[racket] Racket blog post: Fully Inlined Merge Sort

From: Neil Toronto (neil.toronto at gmail.com)
Date: Fri Aug 24 23:14:48 EDT 2012

On 08/24/2012 06:23 PM, Michael Wilber wrote:
> This is interesting, but I don't understand how moving cons around keeps
> it from allocating? In particular, why are the cons calls "evaluated at
> expansion time" when we may not even know the length of the list during
> macro expansion time?

If I write (inline-sort a b c), then the macro certainly knows the 
length of the syntax list #'(a b c) when it expands.

The difference between evaluating conses at expansion time and 
evaluating them at runtime is that, at expansion time, they contain the 
*syntax* that gets evaluated at runtime. At runtime, they contain the 
runtime values. We might use cons to build a syntax list like this:

   (cons #'values (cons #'a (cons #'b (cons #'c empty))))

which evaluates at expansion time to something more or less equivalent 
to #'(values a b c). At runtime, #'values is evaluated, then #'a, then 
#'b, then #'c, and finally the value of #'values is applied to the others.

> Near the top of the post, it says the code "would be slow because cons
> allocates." But how does this:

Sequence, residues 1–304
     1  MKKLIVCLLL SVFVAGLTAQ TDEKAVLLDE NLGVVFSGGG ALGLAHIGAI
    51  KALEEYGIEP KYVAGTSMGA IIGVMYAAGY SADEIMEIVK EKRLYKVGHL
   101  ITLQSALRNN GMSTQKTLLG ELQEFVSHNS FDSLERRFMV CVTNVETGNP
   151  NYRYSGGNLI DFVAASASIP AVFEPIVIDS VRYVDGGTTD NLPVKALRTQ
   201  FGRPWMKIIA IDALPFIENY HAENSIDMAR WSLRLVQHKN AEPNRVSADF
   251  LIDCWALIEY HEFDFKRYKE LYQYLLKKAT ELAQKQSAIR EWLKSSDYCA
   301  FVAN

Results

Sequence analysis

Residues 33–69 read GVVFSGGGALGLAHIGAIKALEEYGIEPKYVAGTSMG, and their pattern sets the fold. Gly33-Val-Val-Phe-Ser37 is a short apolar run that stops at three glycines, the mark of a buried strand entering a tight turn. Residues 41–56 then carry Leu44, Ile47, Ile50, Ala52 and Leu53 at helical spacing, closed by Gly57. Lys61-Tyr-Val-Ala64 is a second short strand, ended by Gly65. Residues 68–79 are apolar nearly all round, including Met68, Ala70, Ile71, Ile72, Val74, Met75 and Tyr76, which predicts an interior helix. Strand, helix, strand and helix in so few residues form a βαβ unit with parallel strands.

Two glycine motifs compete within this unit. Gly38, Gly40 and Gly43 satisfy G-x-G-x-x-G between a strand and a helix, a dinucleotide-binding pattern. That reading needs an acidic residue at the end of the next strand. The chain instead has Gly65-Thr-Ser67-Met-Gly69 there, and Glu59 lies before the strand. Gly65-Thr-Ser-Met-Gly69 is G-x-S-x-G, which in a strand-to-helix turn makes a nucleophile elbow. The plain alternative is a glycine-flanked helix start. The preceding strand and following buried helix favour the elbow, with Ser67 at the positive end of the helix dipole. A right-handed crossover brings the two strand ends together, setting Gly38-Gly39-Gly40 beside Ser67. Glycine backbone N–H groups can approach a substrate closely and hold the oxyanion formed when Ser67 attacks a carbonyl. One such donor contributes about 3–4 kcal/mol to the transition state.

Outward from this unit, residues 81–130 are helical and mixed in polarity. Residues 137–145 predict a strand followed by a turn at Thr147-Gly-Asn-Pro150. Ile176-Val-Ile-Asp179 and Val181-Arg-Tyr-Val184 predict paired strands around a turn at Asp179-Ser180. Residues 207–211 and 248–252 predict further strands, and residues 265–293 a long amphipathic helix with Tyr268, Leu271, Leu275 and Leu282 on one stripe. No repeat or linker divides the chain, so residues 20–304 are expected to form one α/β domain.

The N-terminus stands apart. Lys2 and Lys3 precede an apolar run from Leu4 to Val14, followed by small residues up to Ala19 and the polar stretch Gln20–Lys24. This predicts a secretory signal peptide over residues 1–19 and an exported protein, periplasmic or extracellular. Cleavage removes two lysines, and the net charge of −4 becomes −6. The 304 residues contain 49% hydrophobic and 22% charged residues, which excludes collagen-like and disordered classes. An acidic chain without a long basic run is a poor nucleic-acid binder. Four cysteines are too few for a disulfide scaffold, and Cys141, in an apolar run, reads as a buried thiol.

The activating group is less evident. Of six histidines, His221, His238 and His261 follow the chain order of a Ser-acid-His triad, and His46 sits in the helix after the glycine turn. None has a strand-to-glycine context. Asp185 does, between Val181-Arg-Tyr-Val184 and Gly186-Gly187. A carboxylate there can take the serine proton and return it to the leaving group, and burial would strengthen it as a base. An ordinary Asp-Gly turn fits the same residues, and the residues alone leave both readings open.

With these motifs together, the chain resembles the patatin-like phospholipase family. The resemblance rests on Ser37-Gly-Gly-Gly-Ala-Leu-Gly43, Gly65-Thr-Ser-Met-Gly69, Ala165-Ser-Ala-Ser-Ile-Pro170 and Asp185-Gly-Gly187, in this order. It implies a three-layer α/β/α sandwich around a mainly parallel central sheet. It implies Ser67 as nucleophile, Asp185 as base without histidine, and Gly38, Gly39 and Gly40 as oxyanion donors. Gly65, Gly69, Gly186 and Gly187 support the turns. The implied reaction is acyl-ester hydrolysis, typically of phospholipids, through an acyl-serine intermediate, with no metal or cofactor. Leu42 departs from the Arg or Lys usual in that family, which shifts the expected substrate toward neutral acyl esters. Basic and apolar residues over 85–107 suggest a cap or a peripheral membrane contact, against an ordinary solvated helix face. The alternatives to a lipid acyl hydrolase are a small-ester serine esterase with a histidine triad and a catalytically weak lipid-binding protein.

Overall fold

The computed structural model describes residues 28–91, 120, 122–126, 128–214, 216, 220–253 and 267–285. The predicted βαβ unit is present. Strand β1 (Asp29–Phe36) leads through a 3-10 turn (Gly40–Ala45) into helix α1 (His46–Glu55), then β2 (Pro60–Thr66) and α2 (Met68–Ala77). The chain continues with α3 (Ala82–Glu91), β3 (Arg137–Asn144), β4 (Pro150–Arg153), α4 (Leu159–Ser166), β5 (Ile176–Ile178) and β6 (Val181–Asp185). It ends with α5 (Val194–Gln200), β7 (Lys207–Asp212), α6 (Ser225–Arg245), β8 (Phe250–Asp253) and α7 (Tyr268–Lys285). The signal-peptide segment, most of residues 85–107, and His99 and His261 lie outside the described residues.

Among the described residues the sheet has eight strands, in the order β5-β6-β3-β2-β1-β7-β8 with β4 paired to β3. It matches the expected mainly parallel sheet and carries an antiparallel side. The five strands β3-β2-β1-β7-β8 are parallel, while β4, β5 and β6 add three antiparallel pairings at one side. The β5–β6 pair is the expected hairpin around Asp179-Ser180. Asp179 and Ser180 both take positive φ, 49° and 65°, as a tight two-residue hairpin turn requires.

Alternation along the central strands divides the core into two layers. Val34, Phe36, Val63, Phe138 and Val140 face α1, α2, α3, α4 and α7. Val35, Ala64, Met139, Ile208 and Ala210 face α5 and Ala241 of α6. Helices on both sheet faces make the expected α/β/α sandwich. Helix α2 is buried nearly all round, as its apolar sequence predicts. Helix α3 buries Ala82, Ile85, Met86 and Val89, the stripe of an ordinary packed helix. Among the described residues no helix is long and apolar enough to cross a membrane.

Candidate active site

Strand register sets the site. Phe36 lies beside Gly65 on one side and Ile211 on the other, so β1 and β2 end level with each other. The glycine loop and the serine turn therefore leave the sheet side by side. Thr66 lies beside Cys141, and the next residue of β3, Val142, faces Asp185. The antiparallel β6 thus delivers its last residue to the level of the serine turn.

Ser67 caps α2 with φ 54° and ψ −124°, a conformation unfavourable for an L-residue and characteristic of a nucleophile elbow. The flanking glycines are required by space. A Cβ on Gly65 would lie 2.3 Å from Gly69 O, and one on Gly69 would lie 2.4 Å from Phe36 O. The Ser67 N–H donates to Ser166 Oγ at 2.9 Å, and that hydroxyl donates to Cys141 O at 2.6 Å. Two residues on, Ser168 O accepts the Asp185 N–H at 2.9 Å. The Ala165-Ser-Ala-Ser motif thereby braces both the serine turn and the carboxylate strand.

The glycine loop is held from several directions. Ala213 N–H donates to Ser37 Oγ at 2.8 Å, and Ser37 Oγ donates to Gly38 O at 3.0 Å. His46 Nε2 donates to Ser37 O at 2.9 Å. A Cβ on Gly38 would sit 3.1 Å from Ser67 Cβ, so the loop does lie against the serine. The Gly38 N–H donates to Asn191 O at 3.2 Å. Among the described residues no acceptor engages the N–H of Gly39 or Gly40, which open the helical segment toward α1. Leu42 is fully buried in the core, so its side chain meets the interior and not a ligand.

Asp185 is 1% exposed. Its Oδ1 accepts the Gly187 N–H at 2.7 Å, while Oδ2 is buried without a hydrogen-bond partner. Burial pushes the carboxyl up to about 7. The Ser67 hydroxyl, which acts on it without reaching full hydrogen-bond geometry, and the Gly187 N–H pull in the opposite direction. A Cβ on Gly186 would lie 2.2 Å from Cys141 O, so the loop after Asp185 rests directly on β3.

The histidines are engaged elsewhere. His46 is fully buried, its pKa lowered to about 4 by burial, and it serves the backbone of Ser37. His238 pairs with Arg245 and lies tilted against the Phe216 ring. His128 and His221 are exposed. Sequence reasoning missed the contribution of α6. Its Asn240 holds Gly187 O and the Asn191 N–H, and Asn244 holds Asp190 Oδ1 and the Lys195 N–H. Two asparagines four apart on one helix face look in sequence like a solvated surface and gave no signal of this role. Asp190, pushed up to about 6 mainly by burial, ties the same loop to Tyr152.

> (define (list-add1/acc vs [acc (list)])
>    (match vs
>      [(list)  (reverse acc)]
>      [(list v vs ...)
>       (list-add1/acc vs (cons (add1 v) acc))]))
> ...make the code *faster*? The only thing we've done is move the
> recursive step into tail position; we haven't changed the fact that we
> still need to apply cons to the arguments. This also comes at the cost
> of introducing an expensive (reverse) step.

That's a good question. In general, the fact that the recursive call is 
tail-call-optimized more than makes up for the list reversal, making 
accumulator-passing style faster.

But that's not what I was after at all. (Probably a communication 
failure on my part.) In that section, I was concentrating only on moving 
the `cons' inward. I wanted to take the small step from something like this:

   (if (< a b)
       (cons a (if ... (cons b ...) (cons c ...)))
       (cons b (if ... (cons a ...) (cons c ...))))

to something like this:

   (if (< a b)
       (if ... (cons a (cons b ...)) (cons a (cons c ...)))
       (if ... (cons b (cons a ...)) (cons b (cons c ...))))

to group all those conses together before moving parts of the code to 
the expansion phase. With them grouped, it's possible to transform them 
into a `values' expression at expansion time.

APS is a typical way to move conses inward, but it doesn't work on the 
merge sort. CPS is a more general way to move conses from the outside of 
an expression to the inside.

> Does this only work on literal values?

Heck no. :) It'd be useless to me if it did.

I've been considering the best ways to make it work on literal values, 
though. It's not unusual to want to sort something like (list a b 2 c).

Neil ⊥

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